5 Common German Shepherd Health Concerns

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A tan German Shepherd lays down in green grass

Dr. Erica Irish author of 5 Common German Shepherd Health Concerns

German Shepherds dogs (GSDs) are one of the most popular dog breeds around the world. They are intelligent, loyal, and eager to please. German Shepherds are excellent working dogs and serve various roles in our communities, from service animals to canine cops.

When considering a German Shepherd for your family, it is important to be aware of certain medical predispositions. Not every GSD will develop these problems, but knowing about them in advance can make it easier to identify the signs early!


Hip and elbow dysplasia

Dysplasia refers to the abnormal development of a certain part of the body. In German Shepherds, it is possible to develop abnormal hip and elbow joints, or hip dysplasia and elbow dysplasia, respectively. Because these are genetic issues, GSDs with confirmed orthopedic problems should not be bred.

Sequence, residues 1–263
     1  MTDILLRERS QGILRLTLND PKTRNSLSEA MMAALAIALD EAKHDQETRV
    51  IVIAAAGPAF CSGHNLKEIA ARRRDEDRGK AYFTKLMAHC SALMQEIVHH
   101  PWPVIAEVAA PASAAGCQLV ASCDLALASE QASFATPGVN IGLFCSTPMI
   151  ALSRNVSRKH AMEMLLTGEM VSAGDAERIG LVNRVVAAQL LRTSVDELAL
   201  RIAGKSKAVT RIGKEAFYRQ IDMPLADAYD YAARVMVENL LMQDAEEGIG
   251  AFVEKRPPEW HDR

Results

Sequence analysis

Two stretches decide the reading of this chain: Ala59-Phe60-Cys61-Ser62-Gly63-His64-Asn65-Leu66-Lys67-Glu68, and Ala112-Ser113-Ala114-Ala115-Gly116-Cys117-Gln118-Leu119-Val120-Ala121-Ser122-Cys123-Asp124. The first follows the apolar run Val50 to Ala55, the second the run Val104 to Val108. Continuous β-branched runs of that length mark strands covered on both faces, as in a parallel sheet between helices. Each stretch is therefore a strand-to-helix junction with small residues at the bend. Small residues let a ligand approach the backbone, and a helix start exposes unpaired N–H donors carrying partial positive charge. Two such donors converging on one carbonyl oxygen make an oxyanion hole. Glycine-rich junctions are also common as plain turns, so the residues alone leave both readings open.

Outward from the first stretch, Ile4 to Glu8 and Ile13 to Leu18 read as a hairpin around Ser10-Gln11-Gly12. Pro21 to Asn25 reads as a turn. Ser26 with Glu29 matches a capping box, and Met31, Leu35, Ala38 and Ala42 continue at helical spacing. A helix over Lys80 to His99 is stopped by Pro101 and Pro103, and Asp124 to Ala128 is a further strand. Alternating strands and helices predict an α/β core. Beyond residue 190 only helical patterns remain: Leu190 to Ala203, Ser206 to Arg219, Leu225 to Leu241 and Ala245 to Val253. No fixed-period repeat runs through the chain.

The hip joint is comprised of a ball-and-socket joint on each side. The socket oracetabulum usually covers about 50% or more of the ball orfemoral head. When the acetabulum is too shallow and/or the femoral head is rough and thickened, this is usually because of hip dysplasia.

Mild cases may not show any signs of pain and can be managed with joint supplements plus oral pain medications. Severe cases may require surgical intervention, and there are some surgical procedures that can be performed in young puppies with hip dysplasia for better results once they’ve matured.

Elbow dysplasia refers to a problem with the elbow joint where part of the bone does not fuse at the time of growth plate closure (united anconeal process) or where a small fragment breaks away (fragmented medial coronoid process). As a result, it becomes painful when walking on the affected joint. This is even worse for overweight dogs because 60% of body weight is distributed on the forelimbs. Like with hip dysplasia, surgical intervention is necessary for moderate to severe cases.


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Epilepsy

Seizures are the sudden onset of electrical disturbances in the brain that lead to convulsions. They can occur in dogs for several different reasons. Low blood sugar, liver disease, toxin ingestion, and cancer are all causes.

Epilepsy is a condition where dogs develop seizures for unknown reasons. On average, epileptic seizures can start anywhere from one to six years of age.